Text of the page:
Mr. Xi I Presume: China’s modern colonization of Africa
This is an essay originally written while at the University of Oregon
By Jen Jackson
An Economic History:
Contemporary African history has the long dark shadow of imperialism cast across it. The 1980’s saw the recognition of the last remaining imperialized African Nations as independent. The decolonization of Africa is a process that spanned the entire 20th century, with nations gaining independence as early as 1910 in South Africa. The fight against imperialism across the continent was long and hard won, but independence did not come without dangerous shifts of power and economy in the struggle for self-governance.
Botswana became independent of the United Kingdom in 1966 and elected their first president, Seretse Khama, in that same year. Khama was both a leader of the independence movement, and the natural-born king of the Bamangwato people. Botswana is one nation that experienced a peaceful transition to independence. Under Khama’s presidency, and within those first several decade, Botswana flourished economically and socially. The discovery of diamond mines and other precious minerals laid the foundation for an independent economy, and the development of infrastructure, healthcare and education systems.
Unfortunately, even a well intentioned government can’t prevent disaster. Gaining a foothold in the 1980’s, Botswana has since experienced one of the most severe HIV/AIDS epidemics in the world. Both the economy and life-expectancy were hard hit by the catastrophic disease. As of 2006, life expectancy has dropped by nearly half, from 65 to 35 years.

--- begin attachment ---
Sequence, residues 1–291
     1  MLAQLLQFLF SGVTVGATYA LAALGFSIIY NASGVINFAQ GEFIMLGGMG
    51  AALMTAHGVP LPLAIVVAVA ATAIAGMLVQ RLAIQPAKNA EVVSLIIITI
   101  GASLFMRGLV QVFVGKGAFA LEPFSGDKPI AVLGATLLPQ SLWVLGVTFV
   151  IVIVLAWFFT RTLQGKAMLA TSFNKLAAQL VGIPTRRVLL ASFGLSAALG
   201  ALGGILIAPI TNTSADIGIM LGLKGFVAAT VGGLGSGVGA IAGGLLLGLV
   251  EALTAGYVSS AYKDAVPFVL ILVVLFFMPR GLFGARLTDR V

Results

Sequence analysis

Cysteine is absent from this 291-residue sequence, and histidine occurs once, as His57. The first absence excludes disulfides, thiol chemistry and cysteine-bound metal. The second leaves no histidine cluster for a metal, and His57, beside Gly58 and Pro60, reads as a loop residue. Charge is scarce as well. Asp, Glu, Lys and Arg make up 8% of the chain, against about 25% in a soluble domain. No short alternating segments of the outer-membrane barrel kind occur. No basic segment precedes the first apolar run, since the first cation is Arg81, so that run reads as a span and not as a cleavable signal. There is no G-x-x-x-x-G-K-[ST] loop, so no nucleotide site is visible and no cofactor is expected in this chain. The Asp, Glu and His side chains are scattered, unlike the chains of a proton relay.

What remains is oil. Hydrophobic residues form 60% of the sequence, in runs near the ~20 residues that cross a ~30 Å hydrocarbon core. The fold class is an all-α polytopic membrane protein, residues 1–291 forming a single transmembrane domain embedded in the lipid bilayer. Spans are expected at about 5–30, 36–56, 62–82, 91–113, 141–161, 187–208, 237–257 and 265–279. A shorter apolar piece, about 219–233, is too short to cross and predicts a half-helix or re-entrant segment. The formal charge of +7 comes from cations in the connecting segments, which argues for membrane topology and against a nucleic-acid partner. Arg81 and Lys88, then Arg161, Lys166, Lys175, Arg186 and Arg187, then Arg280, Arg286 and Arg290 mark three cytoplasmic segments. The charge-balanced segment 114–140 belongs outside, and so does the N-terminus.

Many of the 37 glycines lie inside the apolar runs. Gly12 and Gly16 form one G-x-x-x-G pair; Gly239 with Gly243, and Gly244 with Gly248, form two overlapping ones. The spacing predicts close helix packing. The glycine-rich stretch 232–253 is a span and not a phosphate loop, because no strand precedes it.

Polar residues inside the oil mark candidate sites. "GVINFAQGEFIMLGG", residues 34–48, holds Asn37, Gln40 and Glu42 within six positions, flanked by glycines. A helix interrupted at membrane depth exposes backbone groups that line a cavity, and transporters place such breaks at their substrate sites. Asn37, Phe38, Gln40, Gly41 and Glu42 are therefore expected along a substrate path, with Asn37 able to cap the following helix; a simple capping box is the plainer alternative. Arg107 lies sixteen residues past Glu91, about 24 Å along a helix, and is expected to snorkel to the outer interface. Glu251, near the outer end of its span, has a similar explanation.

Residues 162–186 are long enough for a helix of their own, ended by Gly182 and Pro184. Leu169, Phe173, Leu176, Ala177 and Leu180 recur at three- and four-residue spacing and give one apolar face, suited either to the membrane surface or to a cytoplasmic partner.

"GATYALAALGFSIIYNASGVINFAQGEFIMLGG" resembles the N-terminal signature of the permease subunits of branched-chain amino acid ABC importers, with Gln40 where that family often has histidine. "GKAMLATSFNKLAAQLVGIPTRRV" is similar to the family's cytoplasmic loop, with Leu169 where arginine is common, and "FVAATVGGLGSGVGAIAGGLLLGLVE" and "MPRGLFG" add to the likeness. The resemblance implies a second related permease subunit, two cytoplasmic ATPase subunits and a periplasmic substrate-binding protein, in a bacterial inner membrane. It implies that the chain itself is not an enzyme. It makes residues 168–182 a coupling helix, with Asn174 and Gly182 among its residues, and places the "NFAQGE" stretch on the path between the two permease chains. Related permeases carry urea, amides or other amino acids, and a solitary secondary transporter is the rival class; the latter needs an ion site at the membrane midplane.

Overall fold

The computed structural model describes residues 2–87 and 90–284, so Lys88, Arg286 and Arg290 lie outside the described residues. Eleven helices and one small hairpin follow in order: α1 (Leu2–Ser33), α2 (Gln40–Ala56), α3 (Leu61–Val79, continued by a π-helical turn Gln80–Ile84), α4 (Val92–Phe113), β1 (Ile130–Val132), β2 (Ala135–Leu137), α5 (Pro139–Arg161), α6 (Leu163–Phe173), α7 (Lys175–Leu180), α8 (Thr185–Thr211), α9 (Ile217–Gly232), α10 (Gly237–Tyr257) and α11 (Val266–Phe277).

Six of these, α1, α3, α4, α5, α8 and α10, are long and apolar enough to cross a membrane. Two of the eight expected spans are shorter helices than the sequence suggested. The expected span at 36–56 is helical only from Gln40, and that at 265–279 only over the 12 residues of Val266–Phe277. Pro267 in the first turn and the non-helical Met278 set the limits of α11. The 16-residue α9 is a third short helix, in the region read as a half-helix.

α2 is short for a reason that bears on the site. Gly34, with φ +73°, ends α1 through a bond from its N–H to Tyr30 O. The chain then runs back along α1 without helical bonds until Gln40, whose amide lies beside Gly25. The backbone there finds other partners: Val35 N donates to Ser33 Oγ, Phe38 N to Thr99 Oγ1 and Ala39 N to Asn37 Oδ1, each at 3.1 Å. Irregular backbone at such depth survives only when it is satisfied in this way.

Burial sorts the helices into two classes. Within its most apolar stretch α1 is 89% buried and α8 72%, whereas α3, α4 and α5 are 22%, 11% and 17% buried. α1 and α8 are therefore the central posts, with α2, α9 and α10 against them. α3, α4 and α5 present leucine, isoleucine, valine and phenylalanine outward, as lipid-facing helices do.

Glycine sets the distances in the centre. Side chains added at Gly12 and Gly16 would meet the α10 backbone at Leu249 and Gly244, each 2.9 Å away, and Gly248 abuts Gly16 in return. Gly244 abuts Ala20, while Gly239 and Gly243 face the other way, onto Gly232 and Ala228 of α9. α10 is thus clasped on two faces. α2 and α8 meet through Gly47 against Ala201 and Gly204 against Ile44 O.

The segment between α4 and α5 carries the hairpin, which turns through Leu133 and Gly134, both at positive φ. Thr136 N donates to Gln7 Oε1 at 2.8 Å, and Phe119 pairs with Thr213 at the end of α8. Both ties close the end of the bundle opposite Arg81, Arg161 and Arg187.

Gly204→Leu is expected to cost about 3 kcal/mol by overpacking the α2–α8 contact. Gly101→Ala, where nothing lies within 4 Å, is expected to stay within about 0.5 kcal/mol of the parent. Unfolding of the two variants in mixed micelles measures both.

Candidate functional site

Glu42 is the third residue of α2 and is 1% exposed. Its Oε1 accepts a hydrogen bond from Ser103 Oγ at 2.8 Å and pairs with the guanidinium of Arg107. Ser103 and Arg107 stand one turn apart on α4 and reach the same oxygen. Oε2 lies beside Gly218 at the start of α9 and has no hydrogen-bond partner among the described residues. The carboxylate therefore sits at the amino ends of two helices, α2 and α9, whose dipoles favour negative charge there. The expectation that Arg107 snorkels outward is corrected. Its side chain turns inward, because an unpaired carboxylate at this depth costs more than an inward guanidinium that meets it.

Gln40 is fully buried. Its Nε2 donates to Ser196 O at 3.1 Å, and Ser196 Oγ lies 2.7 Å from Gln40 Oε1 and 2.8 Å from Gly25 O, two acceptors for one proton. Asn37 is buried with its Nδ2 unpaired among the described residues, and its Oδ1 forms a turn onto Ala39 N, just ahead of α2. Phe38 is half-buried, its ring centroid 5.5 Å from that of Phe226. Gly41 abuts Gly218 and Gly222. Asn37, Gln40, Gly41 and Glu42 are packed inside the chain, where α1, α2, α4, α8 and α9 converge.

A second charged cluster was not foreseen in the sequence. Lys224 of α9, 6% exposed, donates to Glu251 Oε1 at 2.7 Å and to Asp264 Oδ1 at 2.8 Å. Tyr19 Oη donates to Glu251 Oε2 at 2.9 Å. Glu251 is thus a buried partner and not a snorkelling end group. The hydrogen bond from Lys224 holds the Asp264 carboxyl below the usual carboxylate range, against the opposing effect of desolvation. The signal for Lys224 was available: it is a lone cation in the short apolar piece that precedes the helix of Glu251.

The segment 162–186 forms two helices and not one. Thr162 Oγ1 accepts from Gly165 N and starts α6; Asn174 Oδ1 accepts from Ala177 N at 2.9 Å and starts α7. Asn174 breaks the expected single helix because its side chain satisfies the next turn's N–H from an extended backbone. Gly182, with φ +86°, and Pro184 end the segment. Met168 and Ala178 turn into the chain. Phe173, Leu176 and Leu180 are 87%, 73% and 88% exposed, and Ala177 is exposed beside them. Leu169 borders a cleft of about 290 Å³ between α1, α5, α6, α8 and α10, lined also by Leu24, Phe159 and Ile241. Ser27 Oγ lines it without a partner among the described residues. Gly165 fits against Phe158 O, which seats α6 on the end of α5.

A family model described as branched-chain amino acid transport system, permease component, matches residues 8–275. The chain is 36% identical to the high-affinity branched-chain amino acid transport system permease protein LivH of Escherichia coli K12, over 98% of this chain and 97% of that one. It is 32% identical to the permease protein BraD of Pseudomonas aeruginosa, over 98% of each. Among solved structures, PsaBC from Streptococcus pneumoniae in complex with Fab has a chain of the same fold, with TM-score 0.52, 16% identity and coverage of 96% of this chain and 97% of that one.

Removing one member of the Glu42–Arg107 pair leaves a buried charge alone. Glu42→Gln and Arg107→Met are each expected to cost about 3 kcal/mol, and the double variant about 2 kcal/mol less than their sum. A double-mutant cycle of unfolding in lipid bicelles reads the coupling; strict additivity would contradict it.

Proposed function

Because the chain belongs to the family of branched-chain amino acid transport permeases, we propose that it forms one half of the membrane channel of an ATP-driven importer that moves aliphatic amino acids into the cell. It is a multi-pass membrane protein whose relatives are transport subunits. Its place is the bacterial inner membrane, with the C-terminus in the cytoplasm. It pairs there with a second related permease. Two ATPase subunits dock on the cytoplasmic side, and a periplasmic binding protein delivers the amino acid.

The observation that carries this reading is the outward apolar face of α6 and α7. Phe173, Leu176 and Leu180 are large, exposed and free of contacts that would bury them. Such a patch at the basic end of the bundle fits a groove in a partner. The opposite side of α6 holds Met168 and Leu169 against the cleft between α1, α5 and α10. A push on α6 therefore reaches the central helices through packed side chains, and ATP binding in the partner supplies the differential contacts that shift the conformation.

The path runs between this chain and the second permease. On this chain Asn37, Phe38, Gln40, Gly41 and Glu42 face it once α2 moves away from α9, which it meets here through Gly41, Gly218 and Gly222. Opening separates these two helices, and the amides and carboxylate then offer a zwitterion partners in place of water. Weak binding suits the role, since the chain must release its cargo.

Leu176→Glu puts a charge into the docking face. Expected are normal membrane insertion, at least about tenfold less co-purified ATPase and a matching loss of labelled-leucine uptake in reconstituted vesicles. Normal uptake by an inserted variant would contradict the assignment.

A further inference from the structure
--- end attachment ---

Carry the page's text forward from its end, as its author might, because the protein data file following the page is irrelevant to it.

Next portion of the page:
Botswana’s story of triumph and tragedy is echoed in the history of nations across the African continent.
Meanwhile, China was beginning to feels the effects of the 1979 economic reforms which opened up the state-monopolized People’s Republic to privatization and entrepreneurship. The goals of the reform were to quickly expand exports and catch up to global markets by overcoming severely inadequate transportation and communication systems, and a deficit of coal, iron, steel, building materials, and electric power. Under these reforms the Chinese economy skyrocketing, quickly becoming a global competitor. New wealth lead to the idea of the “Chinese Dream,” popularized in part by President Xi Jinping, and associated with a rise in nationalism and the cultural value of international influence.
Since the economic boom in the 1980’s, China has seen unparalleled growth, becoming the world’s second largest economy in the matter of a few decades. This economic success has brought with it a mentality of expansion and the urge to find new, untapped markets. China has also found itself with an excess of the iron, steel, and building materials it previously lacked.
A Growing Trade:
Across Africa new superhighways and corridors are cropping up with incredible speed. These roads help connect people in remote regions with healthcare, education, employment, and each other. Highways bring with them new jobs, new opportunities to escape poverty, and new problems to developing Africa. At the forefront of African road building are Chinese-funded mining companies, ever in search of natural resources to extract and ways to ship them
China has found it’s new market. Since the 1990’s, China has invested more in trade with Africa than any other nation worldwide. Seven of the world’s 10 fastest growing economies are in Africa. Many African leaders prefer making trade deals with China. China’s lack of transparency and “no-strings-attached” business practices means that a trade deal that would take Western nations a couple of years, can be signed in a couple of days and quickly begin creating work.
Chinese investment can hugely benefit local communities and developing nations. Sino-African trade creates opportunities for countries to build strong economies, and African leaders are savvy to Chinese intentions as economic superpowers. Many people, however, fear China’s invasive business practices and hunger for natural resources. China’s economic influence is a classic example of exerting soft power, and nobody knows just where the line is.